Happy Single Parent’s Day!

Pebble heartOh yes they did! It’s a national holiday for solo parents! Woot.

Created in 1984, National Single Parent’s Day is meant to recognize the hard work, dedication, and devotion that comes with the solo parent territory.  It’s not only a way for children to honor their folks, but also for mothers and fathers to pat themselves on the back for a job well done.

National Single Parent’s day is important because it conveys a sense of camaraderie and pride with those of us who struggle with feelings of isolation.  It’s amazing what a special holiday can do for the psyche.

You might ask yourself, so how does the solo parent celebrate that special day?  Well, the truth is, you’ll probably have to let your kids know about it ahead of time . Let’s face it, it’s  not on their radar.  And, if it is, yay you.

We’ve got seven suggestions about how to celebrate National Single Parent’s Day:

  1. Go out to dinner with your kids.  Tell them how much you love them and how blessed you are to be spending this time with them.  Allow them to compliment you back — depending on their age, they probably will.  If not, if you remind them enough, they’ll eventually realize the sacrifices you made when they have their own kids.

If you’re on good terms, invite their other parent to come along.  But remember– this is a celebration of solo parenting, not a battle of the exes.   If there’s a possibility of any acrimony, even when asking to pass the butter, by all means, skip this part.

  1.  Watch one of your favorite funny family flicks– and bond.   Cracking up with your kids is a great way to acknowledge the joy of being a solo parent.   Remember, this is your day, so don’t get lassoed into watching something that only a 4-year-old would find hysterical.   “The Lego Movie,” any film in the “Toy Story” trilogy or “Night at the Museum” are a few that come to mind.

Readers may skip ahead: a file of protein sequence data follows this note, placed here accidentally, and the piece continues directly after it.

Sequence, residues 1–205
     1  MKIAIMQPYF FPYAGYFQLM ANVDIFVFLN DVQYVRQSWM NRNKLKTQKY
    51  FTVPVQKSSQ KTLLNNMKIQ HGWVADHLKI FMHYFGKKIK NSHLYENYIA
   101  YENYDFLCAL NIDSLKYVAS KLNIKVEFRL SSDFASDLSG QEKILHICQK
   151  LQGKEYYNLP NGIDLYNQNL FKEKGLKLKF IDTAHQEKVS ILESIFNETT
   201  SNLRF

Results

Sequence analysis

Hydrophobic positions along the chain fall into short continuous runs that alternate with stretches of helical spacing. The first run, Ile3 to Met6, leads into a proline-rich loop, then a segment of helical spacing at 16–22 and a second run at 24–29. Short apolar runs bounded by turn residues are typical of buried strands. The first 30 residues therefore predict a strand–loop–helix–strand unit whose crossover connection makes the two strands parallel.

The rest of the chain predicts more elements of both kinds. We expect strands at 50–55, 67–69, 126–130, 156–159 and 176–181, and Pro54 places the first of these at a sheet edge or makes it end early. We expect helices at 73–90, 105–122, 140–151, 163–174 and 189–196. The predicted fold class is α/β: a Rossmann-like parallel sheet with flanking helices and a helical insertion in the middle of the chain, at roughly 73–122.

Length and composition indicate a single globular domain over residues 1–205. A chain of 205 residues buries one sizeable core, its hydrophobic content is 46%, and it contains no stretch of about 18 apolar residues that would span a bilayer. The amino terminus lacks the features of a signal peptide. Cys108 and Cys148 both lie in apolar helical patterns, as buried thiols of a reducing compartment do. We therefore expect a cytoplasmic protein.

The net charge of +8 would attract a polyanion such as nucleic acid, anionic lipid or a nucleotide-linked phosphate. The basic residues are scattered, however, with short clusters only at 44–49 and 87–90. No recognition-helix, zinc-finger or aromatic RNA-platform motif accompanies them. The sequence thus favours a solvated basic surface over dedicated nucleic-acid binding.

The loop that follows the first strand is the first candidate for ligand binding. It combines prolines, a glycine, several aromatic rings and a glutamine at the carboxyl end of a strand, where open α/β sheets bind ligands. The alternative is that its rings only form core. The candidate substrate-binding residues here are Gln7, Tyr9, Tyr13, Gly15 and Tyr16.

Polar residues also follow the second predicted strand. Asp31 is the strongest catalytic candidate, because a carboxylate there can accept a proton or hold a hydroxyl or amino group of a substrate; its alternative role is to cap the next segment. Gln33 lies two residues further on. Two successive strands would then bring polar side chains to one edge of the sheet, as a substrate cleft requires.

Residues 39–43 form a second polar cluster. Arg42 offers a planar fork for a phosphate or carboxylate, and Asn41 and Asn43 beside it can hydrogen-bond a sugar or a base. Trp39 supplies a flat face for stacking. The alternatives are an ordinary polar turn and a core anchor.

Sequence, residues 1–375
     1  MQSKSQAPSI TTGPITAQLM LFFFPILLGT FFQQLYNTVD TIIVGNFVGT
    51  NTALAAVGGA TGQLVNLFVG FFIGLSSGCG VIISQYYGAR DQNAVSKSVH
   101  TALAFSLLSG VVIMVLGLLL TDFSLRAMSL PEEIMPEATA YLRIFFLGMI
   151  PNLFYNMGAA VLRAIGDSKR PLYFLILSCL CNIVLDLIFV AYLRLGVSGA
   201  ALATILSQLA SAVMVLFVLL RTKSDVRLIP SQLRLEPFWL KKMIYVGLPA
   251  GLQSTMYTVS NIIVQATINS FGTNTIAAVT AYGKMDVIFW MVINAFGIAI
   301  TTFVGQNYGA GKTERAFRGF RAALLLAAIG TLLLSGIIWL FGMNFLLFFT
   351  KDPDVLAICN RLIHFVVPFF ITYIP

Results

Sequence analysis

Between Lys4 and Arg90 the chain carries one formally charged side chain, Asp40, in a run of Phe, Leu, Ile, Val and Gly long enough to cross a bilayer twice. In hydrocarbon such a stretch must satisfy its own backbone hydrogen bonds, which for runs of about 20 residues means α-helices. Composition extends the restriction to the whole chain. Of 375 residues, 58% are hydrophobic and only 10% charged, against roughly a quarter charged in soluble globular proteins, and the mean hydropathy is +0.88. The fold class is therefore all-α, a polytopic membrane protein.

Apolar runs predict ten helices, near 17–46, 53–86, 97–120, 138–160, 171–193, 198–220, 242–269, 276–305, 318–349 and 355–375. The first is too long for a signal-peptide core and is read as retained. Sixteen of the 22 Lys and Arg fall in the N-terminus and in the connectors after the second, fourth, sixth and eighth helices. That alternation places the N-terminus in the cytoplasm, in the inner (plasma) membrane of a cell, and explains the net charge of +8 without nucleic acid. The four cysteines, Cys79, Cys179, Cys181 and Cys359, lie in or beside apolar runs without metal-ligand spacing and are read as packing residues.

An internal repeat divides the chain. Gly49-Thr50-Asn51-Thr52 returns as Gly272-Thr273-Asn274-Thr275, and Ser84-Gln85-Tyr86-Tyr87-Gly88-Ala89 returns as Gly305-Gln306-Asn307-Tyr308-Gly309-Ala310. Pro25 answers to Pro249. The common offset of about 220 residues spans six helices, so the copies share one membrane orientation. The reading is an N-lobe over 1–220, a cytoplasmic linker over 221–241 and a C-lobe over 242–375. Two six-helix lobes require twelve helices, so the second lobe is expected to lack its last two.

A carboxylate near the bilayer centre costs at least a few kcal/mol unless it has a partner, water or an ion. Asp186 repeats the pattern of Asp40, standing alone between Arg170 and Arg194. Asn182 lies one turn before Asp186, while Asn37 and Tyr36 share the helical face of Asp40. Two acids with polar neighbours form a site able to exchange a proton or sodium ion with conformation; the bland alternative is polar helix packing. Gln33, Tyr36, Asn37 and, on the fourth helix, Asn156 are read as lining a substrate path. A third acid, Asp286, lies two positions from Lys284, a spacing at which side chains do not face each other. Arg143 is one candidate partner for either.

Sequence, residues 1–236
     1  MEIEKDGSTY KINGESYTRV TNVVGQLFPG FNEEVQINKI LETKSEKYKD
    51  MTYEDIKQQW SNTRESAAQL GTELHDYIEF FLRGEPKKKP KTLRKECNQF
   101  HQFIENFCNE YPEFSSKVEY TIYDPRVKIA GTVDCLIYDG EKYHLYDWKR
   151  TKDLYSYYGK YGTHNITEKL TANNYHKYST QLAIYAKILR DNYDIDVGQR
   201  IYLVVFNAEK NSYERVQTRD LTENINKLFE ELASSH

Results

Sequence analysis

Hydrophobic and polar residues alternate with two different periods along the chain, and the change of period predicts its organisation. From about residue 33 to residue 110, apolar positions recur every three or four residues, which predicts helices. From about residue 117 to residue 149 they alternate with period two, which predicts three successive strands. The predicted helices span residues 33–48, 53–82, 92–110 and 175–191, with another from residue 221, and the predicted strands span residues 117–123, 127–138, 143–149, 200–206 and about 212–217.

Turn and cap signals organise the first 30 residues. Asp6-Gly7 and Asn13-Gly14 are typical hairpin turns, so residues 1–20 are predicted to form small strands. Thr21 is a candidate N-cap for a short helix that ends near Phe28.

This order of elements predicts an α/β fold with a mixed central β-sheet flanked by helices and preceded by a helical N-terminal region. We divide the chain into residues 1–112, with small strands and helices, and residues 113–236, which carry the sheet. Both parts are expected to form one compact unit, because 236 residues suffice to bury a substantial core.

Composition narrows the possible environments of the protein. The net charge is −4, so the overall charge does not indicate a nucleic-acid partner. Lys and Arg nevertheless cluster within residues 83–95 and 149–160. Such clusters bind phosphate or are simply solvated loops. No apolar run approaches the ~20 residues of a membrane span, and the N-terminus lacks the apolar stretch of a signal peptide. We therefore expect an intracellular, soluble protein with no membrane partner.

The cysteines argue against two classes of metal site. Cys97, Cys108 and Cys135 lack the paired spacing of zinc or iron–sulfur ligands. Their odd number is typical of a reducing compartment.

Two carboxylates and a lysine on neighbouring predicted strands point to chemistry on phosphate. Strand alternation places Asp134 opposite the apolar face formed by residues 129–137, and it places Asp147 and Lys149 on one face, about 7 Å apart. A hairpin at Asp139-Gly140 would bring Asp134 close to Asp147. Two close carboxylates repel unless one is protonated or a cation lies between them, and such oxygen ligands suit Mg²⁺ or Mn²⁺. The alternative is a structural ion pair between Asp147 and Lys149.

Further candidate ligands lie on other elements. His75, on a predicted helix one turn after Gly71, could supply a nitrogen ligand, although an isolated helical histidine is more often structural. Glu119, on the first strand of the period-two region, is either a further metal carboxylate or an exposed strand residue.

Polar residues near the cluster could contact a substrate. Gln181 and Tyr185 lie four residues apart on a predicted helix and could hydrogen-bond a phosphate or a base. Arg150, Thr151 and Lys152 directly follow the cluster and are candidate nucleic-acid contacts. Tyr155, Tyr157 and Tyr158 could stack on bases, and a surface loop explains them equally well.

2. Plan a get-together with other solo parent friends.  Solos are usually game for getting together for fun afternoons with their kids–because who else are we gonna hang out with?  So take the opportunity to plan a party with your solo friends to celebrate yourselves and each other. Kids benefit too– they get to feel like they’re part of a pack.
  3. Buy yourself a cake.  Let the bakery commemorate this day by having them write, “Happy Single Parent’s Day!” in big cursive letters.  It’s a great way to start a discussion with someone about the trials and tribulations — and joys — of solo parenting, and probably elicit a “Happy Single Parent’s Day” from someone in line.  And you do get to have your cake and eat it too.
  4. Relax. Look at how far you’ve come, how much you’ve done and how well you’re doing. You are a warrior, my friend. Ease into it. Snuggle time with your kids is a way to show your appreciation of them, while getting some time to acknowledge them as troopers as well. Love on each other, honor each other.
  5. Take your kids on a hike and look for heart-shaped rocks.  Yes, if you search hard enough amongst the empty Vitamin Water bottles and wind-blown twigs, you might find some rocks that resemble, in one form or another, a heart.  Challenge your kids to see who can find the biggest, or reddest, rock  in the shortest amount of time.  Then exchange your treasures and ask your children to tell you just one thing they love about having you as a solo parent.  You’ll be amazed at what they come up with, but try to resist the urge to pick up a used-tissue to swipe at a tear —  you’re a warrior, remember? Just use your sleeve.
  6.  Do something to help another solo parent. We are not alone, and a little altruism goes a long way. Take your neighbor’s kid to the park, give your solo mom friend some time to herself, make an extra batch of soup for your solo dad friend. Be there for somebody who has been there for you.

So this March 21st, fly your solo nation flag, people. It’s your day, hey!

About author

Cynthia Cohen

Cynthia Cohen

Cynthia Cohen is an accomplished television writer whose credits include Lifetime’s “Army Wives,” ABC’s “Commander In Chief”, Fox’s “Melrose Place," and the PBS children's series, “Dragon Tales”. She has also had six one-act plays produced in Los Angeles.

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